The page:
Ten days into my big road trip and I was still flying like a bird, not knowing where I’d land next. The blue Kia I’d rented, the Mountain Bluebird, was running like a champ, and had almost become a part of me, like the lower half of a Centaur. Although I’d temporarily lost contact with Karen from Google Maps, I wouldn’t be thriving without her assistance either. T-Mobile needs better allies in Wyoming, however. I can tell you that.
Right now, I could make it with just a road map, but come evening I’d need more help than I was getting if I didn’t want to spend another night sleeping in the car. Maybe it was finally time to break down and get my first hotel anyway. I could stand a shower and the chance to clean out and organize the car.
I’d seen something about an ancient Medicine Wheel in the northeast of the state but decided to head up to Cody first and have a look around. It was about three hours from Fort Washakie. I took the 287 to the 789, which became the 26 at Riverton. Along the way I passed a statue of an Indian and frontiersman sharing a peace pipe, and the site of an early stage stop called the Halfway House. When I got to Cody, I parked in front of the Chamber of Commerce, and got out to explore the town on foot.
William F. Cody, or Buffalo Bill, is one of most famous characters to come out of the Old West, and as the creator of the hugely popular Wild West show, practically invented the popular stereotype of cowboys and Indians. Growing up in the Kansas territory, he is said to have ridden for the Pony Express as a teenager, fought for the Union Army in the Civil War, and gone on to work as a scout, guide, and Indian fighter. The fact that he became the subject of a popular western serial, Buffalo Bill, King of the Bordermen, while still in his early twenties, and then became an actor, meant that the line between truth and fiction in his biography would always remain hazy.
Do people want the truth, or do they want to be entertained? Buffalo Bill knew the answer to that better than anyone, and established Cody, primarily because of its proximity to Yellowstone, as a place where visitors could have their own Wild West experience. Even today, guests can stay on a dude ranch, go on pack-horse outings, attend rodeos, and hunt and fish. The town is full of museums, gift shops, and variety shows.
From the Chamber of Commerce, I walked over to the Buffalo Bill Center of the West. Outside were many statues; young Cody riding for the Pony Express, an older Indian woman, a brave, a maiden, a wolf howling at the moon, two tipis, a moose, two cowboys on horseback meeting up. I walked into the Center. A guy in a wheelchair who was the spitting image of Buffalo Bill was greeting visitors. It was twenty dollars to get in. I passed on that, as I was already seeing plenty for free.
By then I was so exhausted, I considered looking for a campground in Cody, but it was only afternoon and too hot to be setting up a tent. The Bighorn Medicine Wheel didn’t look far. It irritated me to no end that my phone service still wasn’t working. I’d have to hope that there were enough signs beside the road to find it.
I hopped in the Mountain Bluebird and took the 14 north and then east, crossing Bighorn Lake at one point. When I got to Bighorn Basin it was all uphill for miles. The road switched back and forth up an enormous wall, with such a rapid increase in elevation that I feared for the engine of my sturdy little companion. Fortunately, the way to Medicine Mountain was clearly marked. I got off on a dirt road and followed it until I came to a parking lot. Even though a small road continued up the mountain, a sign prohibited cars from going any further.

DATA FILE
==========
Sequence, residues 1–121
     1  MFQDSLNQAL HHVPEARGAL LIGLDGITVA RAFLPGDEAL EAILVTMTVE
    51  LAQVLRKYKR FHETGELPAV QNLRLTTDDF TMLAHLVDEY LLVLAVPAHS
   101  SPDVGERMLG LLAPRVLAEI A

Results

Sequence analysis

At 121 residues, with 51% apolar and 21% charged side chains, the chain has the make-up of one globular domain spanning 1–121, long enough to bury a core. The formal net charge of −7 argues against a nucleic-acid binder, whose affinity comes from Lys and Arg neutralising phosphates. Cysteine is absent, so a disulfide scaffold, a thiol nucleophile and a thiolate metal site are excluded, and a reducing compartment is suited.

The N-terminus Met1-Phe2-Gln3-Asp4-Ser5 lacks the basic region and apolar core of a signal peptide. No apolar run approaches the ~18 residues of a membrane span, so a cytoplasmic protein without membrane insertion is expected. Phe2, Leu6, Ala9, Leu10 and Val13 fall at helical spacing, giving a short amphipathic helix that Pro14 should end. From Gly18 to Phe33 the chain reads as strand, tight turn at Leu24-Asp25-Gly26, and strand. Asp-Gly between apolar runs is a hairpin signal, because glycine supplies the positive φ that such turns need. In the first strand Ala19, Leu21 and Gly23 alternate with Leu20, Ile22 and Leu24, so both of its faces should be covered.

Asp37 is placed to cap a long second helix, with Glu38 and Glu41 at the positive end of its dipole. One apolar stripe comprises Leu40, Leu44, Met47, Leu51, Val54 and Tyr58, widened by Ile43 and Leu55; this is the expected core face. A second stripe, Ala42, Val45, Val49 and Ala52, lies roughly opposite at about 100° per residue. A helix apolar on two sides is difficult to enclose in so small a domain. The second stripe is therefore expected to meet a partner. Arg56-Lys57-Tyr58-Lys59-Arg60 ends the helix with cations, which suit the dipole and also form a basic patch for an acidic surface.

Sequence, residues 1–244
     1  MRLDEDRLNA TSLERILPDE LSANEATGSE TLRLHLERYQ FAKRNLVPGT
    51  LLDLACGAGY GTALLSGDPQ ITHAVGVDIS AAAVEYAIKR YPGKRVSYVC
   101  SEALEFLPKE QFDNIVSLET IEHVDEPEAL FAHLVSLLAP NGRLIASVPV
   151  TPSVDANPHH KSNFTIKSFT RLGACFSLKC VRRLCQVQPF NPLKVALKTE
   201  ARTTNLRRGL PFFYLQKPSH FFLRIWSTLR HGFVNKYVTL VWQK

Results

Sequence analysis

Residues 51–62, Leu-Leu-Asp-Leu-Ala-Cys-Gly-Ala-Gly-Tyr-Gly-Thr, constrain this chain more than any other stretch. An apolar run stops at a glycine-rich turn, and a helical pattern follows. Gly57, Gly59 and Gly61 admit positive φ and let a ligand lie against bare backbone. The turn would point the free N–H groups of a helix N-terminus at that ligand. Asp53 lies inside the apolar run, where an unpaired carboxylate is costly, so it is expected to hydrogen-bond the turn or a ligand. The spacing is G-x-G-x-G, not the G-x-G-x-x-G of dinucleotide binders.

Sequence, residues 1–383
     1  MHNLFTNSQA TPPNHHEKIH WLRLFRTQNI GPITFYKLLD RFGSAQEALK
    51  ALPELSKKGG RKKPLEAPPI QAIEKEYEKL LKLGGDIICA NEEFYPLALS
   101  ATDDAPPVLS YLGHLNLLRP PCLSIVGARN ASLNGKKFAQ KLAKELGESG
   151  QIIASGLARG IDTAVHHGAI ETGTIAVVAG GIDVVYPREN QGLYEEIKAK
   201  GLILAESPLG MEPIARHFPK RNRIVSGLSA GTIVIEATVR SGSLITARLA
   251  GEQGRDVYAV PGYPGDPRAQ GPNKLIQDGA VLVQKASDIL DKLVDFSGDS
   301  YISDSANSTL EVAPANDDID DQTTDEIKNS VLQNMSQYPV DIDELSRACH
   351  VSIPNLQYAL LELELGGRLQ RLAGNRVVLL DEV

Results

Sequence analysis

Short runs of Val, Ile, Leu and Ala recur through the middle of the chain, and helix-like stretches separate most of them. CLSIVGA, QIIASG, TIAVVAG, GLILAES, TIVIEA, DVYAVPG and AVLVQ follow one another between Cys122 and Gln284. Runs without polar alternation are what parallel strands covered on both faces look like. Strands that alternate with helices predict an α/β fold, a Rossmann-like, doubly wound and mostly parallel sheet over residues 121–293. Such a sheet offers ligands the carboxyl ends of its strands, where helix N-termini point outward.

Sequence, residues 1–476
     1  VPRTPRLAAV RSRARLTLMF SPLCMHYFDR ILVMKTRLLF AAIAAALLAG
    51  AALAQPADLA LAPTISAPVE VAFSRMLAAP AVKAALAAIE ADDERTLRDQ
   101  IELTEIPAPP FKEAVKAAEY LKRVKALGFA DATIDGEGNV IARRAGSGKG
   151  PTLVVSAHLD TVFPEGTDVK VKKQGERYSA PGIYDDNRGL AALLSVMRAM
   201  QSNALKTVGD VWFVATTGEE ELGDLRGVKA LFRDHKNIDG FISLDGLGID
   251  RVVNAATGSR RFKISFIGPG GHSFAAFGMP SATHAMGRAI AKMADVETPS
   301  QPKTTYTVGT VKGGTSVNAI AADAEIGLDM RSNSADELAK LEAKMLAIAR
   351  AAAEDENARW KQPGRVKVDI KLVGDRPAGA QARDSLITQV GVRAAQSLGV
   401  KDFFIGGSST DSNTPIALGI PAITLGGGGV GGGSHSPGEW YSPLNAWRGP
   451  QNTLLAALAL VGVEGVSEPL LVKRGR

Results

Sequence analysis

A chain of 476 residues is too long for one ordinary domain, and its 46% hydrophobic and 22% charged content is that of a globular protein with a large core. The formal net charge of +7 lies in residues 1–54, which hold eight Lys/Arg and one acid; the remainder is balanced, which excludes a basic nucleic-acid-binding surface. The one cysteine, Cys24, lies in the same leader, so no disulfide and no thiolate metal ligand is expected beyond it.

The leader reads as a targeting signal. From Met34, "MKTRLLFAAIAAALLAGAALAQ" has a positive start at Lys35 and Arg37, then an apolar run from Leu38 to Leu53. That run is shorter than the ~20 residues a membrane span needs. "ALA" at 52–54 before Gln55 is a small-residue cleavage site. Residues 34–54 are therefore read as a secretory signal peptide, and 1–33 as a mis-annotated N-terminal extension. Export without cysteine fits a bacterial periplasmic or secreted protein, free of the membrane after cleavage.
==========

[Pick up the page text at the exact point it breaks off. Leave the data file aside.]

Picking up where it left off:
It was treeless at that height, with nothing to block the cold wind. Looking at a map, it appeared to be a few miles to the summit, all uphill. I started walking briskly, then turned around after about a hundred yards, to make sure I’d locked the car. There was only one other car in the lot. I considered the fact that someone could break a window and get at my stuff while I was walking but tried to put that out of my mind. It was bright and the sun was out, but it couldn’t have been windier. I was walking as fast as I could, lights exploding in my mind, breathing hard, just manic.
When I was about halfway to the top, a car pulled up behind me, some suburban couple, blatantly breaking the rules. At the same time, a young hippie was coming down, a beneficent smile on his face. I asked if cars were allowed to the top, and he assured me they weren’t. Five minutes later, and the same car was on its way back down again, the driver oblivious to the stink-eye I was casting.
There was a young couple and older woman at the Medicine Wheel when I reached it. With a diameter of over eighty feet, made up of twenty-eight spokes, radiating out from the center, it was hard to get the big picture standing next to it. Although allegedly dating back to Pre-Colombian times, it didn’t seem like it would’ve taken long to assemble the mid-size white stones that give it its shape. It was protected by a fence, from which people had strung bandanas, messages, prayers, and medicine pouches.
Like many sacred places, what makes them sacred is partly the journey and the effort that it takes to reach them. There are visions, like dreams, that come at you aggressively, that capture you and take you hostage on a wild ride. Then there are those you faintly remember, yet linger, perhaps just one or two images that stick with you, like a circle on the top of a barren peak. Whoever constructed it, did it in the belief that life is infinite, and that healing comes with time, just as the wildflowers reappear every spring.
I kept this in mind as I hurried back to the car, happy to see that no one had broken into it. It was two more hours to get to the Little Bighorn Battlefield. It felt like there wasn’t a moment to lose.